K: Is there anything new and exciting that you can tell us about the show?
A: I think I have already touched on that, because for me the more character based nature of the second half of the season IS what is new and exciting! I have loved watching everyone dive in deep and pull out some awesome, truthful, funny, moving performances that take you right to the heart of who these people are. And they are GREAT characters, especially now they are truly 3D! But yeah, we have plenty of twists, turns and discoveries to come. And that is not even mentioning Rabbit and Nancy’s will they won’t they scenario! Hmmmmmm…..
K: Now for some ‘off the cuff’ questions. Are you a Leno or Conan fan? What do you think of that whole mess?
A: I have met Leno and he was an incredibly nice guy and they are both very funny, talented men but in this whole scenario, I think I back Conan. That had to be HARD!
K: Are you a bigger fan of movies, or television? What are some of your favorites of both?
A: Ahh! Both. Absolutely. There is nothing better than getting into a new tv series and knowing that you have company for the next 13-24 hours of free time! There is something very comforting about that. I do also love the art form of movie making and am very passionate about it. I think as an actor they are really different experiences requiring very different disciplines from you. I have done a lot of TV recently and have loved the trust in my own decisions it has given me. You don’t have time to make plans or over think your character ark in TV, at all, so you have to have faith in your choices and ability and be playful and open… these are very good acting lessons. Movies demand some real draughtmanship! You have to be very deliberate in what you are putting across, how you are using the scene and where each moment is in your character ark. You have the luxury of TIME and foresight to do this. I would love to take on the challenge of a movie again soon to further investigate these differences.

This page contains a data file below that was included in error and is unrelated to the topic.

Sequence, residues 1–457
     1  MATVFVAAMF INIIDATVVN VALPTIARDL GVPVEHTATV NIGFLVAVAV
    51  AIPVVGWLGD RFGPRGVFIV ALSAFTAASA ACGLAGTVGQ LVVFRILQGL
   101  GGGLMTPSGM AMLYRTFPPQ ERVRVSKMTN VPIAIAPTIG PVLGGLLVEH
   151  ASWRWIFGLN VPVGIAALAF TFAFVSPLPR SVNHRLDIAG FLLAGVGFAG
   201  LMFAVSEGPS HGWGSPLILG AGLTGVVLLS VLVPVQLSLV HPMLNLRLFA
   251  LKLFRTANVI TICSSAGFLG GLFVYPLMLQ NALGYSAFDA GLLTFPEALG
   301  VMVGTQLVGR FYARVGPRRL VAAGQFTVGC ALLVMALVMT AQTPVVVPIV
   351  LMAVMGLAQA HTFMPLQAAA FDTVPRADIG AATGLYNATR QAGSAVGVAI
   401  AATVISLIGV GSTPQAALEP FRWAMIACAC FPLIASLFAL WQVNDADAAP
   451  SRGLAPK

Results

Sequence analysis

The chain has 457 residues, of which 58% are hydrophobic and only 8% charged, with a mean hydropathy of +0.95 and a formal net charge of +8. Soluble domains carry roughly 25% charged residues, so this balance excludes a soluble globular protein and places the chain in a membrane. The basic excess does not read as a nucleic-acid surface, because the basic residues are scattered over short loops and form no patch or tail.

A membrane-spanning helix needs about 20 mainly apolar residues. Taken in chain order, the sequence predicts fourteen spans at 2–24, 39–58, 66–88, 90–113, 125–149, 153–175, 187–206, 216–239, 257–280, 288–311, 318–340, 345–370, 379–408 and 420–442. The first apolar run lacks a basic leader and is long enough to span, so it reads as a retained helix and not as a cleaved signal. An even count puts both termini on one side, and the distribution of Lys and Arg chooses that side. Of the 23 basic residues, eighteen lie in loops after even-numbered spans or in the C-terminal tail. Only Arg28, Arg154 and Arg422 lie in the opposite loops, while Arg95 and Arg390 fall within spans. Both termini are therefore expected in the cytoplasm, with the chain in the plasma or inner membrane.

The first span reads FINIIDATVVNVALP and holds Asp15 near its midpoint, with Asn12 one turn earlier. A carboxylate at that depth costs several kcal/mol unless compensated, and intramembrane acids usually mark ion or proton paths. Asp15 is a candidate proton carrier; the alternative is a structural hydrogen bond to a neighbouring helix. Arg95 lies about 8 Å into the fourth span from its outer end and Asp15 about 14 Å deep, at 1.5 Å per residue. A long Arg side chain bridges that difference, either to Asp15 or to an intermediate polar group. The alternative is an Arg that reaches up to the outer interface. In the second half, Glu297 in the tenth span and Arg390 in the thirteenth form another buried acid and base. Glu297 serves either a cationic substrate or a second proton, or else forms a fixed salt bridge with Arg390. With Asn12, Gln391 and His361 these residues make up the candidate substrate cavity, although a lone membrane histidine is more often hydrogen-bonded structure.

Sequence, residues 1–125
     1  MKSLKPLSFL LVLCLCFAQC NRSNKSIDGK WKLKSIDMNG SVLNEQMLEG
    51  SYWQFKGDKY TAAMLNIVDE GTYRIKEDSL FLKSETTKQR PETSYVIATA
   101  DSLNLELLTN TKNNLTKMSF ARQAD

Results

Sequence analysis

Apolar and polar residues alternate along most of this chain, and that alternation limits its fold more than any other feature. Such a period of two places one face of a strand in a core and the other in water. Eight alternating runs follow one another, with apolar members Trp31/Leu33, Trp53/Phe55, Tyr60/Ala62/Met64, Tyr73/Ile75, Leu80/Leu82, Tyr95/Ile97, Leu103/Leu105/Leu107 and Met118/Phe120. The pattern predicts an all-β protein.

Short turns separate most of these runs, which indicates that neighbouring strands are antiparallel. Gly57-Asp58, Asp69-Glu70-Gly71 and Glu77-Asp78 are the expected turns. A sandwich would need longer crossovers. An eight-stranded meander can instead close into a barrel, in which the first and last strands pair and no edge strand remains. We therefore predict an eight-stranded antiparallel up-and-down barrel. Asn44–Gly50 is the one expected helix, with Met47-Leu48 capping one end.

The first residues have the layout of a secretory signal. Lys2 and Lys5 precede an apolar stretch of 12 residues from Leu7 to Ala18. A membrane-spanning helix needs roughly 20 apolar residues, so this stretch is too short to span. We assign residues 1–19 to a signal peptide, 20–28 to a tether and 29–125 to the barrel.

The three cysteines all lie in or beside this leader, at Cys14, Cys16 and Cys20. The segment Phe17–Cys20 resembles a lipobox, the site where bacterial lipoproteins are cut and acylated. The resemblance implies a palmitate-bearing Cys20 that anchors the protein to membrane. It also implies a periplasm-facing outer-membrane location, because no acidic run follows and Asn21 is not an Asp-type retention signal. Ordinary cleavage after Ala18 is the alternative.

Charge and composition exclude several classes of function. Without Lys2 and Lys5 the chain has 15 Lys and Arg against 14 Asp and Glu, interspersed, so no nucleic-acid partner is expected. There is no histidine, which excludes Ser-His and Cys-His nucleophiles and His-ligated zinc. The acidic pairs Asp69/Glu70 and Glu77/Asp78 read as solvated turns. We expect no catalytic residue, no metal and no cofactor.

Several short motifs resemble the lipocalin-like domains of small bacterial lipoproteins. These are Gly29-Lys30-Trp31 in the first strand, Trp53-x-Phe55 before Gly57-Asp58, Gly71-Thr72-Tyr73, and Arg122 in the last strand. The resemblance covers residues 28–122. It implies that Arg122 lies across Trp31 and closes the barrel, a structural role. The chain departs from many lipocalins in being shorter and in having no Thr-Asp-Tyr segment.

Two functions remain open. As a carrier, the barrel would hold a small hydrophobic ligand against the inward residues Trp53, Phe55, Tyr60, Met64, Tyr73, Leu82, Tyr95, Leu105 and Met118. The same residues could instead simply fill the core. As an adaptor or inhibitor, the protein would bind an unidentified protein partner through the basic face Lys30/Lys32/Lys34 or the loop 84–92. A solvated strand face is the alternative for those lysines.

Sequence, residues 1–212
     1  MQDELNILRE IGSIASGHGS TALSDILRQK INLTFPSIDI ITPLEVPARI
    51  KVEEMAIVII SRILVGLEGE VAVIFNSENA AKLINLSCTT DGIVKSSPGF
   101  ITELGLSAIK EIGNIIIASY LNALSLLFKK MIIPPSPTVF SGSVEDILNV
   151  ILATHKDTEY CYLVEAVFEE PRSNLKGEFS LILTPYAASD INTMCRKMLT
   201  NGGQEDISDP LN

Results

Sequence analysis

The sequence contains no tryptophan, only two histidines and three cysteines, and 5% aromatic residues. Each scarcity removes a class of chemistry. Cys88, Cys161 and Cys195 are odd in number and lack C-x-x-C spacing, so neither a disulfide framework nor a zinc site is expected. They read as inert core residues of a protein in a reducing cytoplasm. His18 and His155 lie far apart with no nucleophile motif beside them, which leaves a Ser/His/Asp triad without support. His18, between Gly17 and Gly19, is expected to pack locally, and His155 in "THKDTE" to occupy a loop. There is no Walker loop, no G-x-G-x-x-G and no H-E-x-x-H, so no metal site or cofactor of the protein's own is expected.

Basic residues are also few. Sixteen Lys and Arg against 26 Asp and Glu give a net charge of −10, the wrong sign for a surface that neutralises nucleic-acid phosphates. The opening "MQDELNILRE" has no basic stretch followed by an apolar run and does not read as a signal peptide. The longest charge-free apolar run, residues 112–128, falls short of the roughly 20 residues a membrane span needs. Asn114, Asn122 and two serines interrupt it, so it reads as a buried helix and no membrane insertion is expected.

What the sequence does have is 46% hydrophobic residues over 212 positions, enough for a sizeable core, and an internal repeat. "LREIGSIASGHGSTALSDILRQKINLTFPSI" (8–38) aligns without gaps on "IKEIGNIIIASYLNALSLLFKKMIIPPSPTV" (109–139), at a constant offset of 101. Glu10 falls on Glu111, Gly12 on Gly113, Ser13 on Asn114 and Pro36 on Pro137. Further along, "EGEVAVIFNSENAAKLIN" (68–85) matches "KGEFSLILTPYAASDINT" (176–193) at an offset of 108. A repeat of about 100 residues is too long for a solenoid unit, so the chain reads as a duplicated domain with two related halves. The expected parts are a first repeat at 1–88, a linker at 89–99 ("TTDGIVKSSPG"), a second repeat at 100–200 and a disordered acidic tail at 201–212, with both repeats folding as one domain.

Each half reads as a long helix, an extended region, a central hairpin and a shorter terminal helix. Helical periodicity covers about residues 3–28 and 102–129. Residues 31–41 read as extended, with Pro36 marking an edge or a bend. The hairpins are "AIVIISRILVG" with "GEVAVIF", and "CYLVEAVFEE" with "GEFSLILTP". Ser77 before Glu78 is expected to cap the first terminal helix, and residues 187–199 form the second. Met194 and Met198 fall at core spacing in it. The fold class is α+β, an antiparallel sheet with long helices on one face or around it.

My favourites? That’s hard… I loved Friends back in the day, Sex and the City, The Tudors, Jeeves and Wooster (an old british tv show)… they are all good keep me company shows. I have recently got into Mad Men, The Wire and a british show called Mistresses. I do think though that Damages is one of the best shows I have ever seen! I can say that now because I am not in it and am watching entirely as an audience member! It blows me away! Movies? Four Weddings and a Funeral and Withnail and I are british classics, Dr Zivago, The Godfather and Gandhi are other favourites… I love old movies. I just re-watched Little Women with Elizabeth Taylor and June Allyson, that was amazing. I think my favorite movie in the past ten years though is The Road. Mind blowing.
K: If you could by any Hero (from NBC’s popular show), who would you be?
A: This is terrible, but I have to admit I have never seen it! That’s awful isn’t it? Honestly, I don’t actually have a tv anymore, I just watch DVDs so that is why, but it’s not really a decent excuse is it? Sorry!
K: What is next for you? Are you looking to continue with more roles in film, or do you feel that television is where you want to be right now? How about doing any theatre?
A: I was about to say ‘theatre, I hope’! I don’t know what is next right now as I am still up in San Francisco shooting Trauma, and will be here til after Easter. By then we will have some idea as to a Season Two, so will know more about how much time I have on my hands this year. I would LOVE it to be theatre though. That would be the dream. And preferably in LA so I can be at home with my man for a while!